Mobile radios make intranet

By Kimberly Patch, Technology Research News

There are times when being able to log onto the Internet to send a quick message or find key information would be useful but impractical, like when a firefighter is trapped in a burning building and needs to let someone know exactly where he is, or during war games, which regularly coordinate large, mobile groups of people over wide areas.

Researchers from ITT Industries are working on a scheme to bring Internet-like communications to groups of field radios. The researchers' scheme would allow radios to form a self-contained wireless network that could pass along voice and data signals, boosting the distances they could cover. The scheme would also allow for radio access to data on networks like the Internet.

Internet radio islands could eventually be useful in military applications, firefighting and in the trucking and construction industries, said Joe Visvadoer, a senior scientist for technical communications at ITT industries. A firefighter connected to an Internet radio island could, for instance "report back where he is, what his situation is, what the field situation is, and be able to communicate anything he needs to [even eventually] including video images. And if a man goes down people know where he is and they could help," he said.

Mobile networks could also prove useful in keeping track of equipment, said Visvadoer. "You'd be surprised how often a truck is lost for... days... because it's parked on one construction site and somebody forgot it was there," he said.

There are several challenges to corralling radios into a coherent network, said Visvadoer. The central problem is the nature of the radios -- battery-powered and mobile. "As people move around the quality of the communications is going to vary [and] we're talking about very low-power pieces of equipment," he said.

A network whose nodes vary both in location and power needs a lot of adjusting, said Visvadoer. "Most networks measure changes in minutes, hours, or days. We're measuring [them] in hundreds of milliseconds."

The Internet radio islands use the same networking software -- Internet Protocol (IP) -- that links computers to each other over the Internet. The software theoretically allows any radio in an Internet radio island to communicate with any host computer in the world.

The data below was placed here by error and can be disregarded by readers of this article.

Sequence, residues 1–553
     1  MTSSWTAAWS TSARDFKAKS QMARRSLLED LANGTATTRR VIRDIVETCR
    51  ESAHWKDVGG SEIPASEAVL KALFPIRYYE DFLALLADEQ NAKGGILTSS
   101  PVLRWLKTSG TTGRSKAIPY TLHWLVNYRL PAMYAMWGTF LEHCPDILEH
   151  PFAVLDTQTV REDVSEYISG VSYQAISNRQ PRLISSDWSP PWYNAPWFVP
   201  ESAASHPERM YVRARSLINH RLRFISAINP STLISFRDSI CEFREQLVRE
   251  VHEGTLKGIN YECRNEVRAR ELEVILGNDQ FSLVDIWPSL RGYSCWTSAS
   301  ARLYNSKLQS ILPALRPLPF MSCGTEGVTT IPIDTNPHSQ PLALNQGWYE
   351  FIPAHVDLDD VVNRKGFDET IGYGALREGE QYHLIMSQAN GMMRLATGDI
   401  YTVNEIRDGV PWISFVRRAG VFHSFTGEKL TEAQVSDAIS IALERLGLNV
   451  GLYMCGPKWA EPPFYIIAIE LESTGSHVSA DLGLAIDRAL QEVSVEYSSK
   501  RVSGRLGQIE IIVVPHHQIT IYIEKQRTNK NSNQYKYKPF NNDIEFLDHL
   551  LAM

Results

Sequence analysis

The radio frequency network is considerably different even from other networks that include wireless communications equipment because the entire radio network is mobile. In a cell phone network, for example, the wireless phones transmit data packets directly to immobile base stations, said Visvadoer. "A cellphone [network] communicates with one hop directly to the handheld platforms. We have to communicate across multiple hops," he said. For long-range communications cellphone data packets go to a base station and then across telephone wires. In contrast, the handheld radios in the field form a self-contained network.

The key to making the scheme work is two underlying layers of software -- a link layer and a radio network layer -- that manage and hide from the Internet Protocol the many adjustments needed to make mobile radios into a seemingly stable network.

"The link layer finds what radios are in range, measures the quality of the connectivity with those radios, and it adapts communications as those links change," said Visvadoer. The link layer automatically adjusts three variables: power levels, in order to use battery power efficiently and avoid detection; the route that packets of voice data are traveling as radios move in and out of range or are turned on or off; and the speed data travels through the network.

There could be as many as 12,000 adjustments in a five-minute conversation between two people who are far enough apart that the signals must hop from the originating radio through two intervening radios before reaching their target, said Visvadoer. "We're going to send about one voice packet every 90 milliseconds, so that's about 10 a second and about 600 a minute. [In] five minutes, that's about 3,000 packets," he said. Each of the four radios can change the power, data rate or path of every packet, adding up to the 12,000 potential adjustments. In a typical five-minute conversation, there are likely to be about 2,000 adjustments, said Visvadoer.